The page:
Every day we are reminded of beauty whether it is on the television, in magazines or through advertising. We live in a world that appears to have erased the old, the fat and the average from the advertising media, as we try to recreate an image of perfection through airbrushing, photo shopping or the more extreme cosmetic surgery. But is it so extreme? More and more people are undergoing cosmetic surgery to create their idea of beauty.
Since 1997 there has been a massive increase in cosmetic procedures, the most popular being breast augmentation, liposuction, eye lid surgery and rhinoplasty. Just by looking at charted data it is clear how our world is changing and how looks are becoming more important than ever. As Philip Toledano discusses through his work ‘we are creating a new kind of beauty’ through the on-going procedures we are inflicting upon ourselves. He appears to document a point where the abnormal becomes rather normal. Are we now defining our own beauty, or are we putting it in the surgeon’s hands?
Zed Nelson, a documentary photographer, explores the power of the global beauty industry and our collective insecurity, vanity and fear of aging in his series ‘Love Me’ The book by Susan Bright and Zed Nelson states: ‘Love Me negotiates the boundaries of art and documentary, reflecting a world we have created in which there are enormous social, psychological and economic rewards and penalties attached to the way we look.’ Nelson found the people he photographed to be victims of a much larger social force as they craved approval from others. There is a promise of improvement through advertising and the beauty driven media. We have an on-going desire to look our best whether it is through fashion, makeup or hair. As we age our insecurities grow with us, but the question remains; do we truly feel better after surgery or does our lack of confidence remain? Dr Max Pemberton discusses the fact that even after surgery the patients self-doubt remains and it cannot be seen as a ‘quick fix’. From a medical health perspective there are often underlying self-esteem issues which should be addressed first.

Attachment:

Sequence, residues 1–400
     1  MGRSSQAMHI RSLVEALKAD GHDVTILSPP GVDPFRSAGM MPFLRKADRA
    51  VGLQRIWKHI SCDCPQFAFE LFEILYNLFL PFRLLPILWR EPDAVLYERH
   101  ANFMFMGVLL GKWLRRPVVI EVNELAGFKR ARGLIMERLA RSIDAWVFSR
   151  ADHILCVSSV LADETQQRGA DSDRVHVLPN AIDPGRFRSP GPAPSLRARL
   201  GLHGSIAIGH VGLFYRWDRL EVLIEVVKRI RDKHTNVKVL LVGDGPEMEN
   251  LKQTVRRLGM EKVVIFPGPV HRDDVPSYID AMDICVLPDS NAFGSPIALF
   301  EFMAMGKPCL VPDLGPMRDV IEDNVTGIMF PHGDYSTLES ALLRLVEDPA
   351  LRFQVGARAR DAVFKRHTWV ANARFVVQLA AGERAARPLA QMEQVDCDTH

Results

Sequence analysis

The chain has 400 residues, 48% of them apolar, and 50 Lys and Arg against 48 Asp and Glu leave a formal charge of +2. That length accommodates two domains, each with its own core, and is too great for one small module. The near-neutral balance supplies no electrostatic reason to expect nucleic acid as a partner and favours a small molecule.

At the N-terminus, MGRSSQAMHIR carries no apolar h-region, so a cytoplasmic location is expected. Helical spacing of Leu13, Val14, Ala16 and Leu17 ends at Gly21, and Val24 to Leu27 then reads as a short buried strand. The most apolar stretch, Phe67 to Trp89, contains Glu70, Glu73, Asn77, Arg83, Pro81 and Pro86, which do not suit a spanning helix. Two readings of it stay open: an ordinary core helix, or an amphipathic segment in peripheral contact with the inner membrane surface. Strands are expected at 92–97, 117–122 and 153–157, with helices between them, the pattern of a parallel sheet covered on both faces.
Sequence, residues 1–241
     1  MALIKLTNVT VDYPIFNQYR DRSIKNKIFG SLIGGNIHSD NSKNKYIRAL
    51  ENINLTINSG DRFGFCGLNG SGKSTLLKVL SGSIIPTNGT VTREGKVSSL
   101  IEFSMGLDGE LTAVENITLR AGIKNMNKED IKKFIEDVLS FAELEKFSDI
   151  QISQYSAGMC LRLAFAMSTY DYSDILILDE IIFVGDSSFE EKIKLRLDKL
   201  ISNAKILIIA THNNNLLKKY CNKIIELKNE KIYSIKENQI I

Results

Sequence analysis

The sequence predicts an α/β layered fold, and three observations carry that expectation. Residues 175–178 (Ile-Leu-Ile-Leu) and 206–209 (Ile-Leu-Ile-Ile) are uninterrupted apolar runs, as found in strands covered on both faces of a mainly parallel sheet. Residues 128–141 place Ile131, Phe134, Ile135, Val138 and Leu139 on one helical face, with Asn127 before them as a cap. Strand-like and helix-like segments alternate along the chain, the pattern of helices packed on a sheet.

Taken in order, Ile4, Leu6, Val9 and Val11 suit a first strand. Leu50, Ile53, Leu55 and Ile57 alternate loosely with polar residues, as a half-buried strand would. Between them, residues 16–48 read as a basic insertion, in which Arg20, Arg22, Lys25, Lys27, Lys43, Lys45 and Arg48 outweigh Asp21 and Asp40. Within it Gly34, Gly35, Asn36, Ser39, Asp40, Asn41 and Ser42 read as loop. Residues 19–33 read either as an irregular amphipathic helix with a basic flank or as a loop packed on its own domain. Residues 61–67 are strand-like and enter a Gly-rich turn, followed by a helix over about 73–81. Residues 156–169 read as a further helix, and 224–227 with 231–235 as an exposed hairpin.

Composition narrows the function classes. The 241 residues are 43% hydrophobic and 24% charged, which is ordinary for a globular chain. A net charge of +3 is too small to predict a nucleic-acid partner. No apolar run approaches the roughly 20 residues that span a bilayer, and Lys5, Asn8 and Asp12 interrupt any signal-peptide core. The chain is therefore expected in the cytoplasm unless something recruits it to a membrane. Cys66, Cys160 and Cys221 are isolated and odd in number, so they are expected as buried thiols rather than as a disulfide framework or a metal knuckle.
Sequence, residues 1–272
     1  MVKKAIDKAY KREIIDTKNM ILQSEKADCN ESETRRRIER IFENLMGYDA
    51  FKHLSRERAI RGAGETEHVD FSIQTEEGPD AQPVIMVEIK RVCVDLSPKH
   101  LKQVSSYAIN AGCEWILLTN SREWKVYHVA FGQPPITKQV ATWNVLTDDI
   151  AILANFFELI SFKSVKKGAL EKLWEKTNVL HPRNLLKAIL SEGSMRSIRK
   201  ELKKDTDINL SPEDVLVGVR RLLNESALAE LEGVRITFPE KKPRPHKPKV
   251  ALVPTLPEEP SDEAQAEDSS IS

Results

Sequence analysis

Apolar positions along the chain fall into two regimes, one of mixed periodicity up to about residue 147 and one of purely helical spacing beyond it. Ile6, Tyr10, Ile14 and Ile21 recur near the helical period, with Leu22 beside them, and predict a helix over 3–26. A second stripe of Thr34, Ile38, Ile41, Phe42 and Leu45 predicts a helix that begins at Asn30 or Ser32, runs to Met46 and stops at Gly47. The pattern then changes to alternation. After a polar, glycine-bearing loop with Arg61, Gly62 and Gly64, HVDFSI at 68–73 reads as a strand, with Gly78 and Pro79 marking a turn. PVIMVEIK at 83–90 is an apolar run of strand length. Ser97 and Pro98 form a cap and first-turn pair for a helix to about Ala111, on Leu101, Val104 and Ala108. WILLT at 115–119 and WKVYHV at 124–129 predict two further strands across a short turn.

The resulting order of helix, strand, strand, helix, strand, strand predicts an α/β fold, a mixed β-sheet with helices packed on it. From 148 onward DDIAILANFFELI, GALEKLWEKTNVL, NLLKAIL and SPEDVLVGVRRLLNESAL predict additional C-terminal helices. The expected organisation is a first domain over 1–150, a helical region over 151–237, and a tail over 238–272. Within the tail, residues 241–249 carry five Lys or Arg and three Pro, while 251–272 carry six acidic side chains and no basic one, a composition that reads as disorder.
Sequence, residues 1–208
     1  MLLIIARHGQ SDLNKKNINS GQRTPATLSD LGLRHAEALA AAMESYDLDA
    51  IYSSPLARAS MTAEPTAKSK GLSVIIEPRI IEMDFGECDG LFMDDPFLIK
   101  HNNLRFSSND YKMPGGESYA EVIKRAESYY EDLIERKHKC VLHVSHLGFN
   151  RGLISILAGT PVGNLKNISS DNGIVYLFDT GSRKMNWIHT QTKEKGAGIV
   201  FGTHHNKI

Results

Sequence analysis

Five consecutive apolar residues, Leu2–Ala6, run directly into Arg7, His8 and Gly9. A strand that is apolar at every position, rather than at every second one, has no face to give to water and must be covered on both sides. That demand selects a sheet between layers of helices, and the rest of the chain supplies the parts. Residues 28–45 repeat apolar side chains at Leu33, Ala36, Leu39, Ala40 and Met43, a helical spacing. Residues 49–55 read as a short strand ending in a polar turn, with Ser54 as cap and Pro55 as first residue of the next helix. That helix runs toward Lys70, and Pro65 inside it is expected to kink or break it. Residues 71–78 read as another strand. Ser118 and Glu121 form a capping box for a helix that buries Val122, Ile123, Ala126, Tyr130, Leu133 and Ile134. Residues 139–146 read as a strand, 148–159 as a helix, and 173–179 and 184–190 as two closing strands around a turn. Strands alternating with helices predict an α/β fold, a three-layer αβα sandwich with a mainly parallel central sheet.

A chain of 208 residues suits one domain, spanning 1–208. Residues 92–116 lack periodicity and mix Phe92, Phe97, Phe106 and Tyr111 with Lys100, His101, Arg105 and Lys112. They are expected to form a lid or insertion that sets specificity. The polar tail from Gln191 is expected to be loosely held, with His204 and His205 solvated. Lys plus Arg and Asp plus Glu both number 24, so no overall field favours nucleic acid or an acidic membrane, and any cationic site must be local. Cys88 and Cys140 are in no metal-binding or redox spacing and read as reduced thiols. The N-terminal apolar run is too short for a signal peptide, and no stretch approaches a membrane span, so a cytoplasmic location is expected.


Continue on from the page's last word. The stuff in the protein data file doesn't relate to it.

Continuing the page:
The obsession with perfection becomes apparent when you are no longer the person you once were. People become ‘perfectly formed’ looking completely unrecognisable as their former self. Is this the result we want? It is as if we have been convinced that in order to be loved we must have flat stomachs, long legs and a symmetrical facial structure. Surely this is not the case?
After interviewing 16-19yr olds I have found many believe it is up to the individual to decide on cosmetic surgery. However just over half wouldn’t go ahead with surgery unless it was for health reasons. So are we changing our ways? Has our generation been shocked at the effects it can have? Through documentaries and photographic evidence we have captured a moment in history but will we continue with this quest for perfection?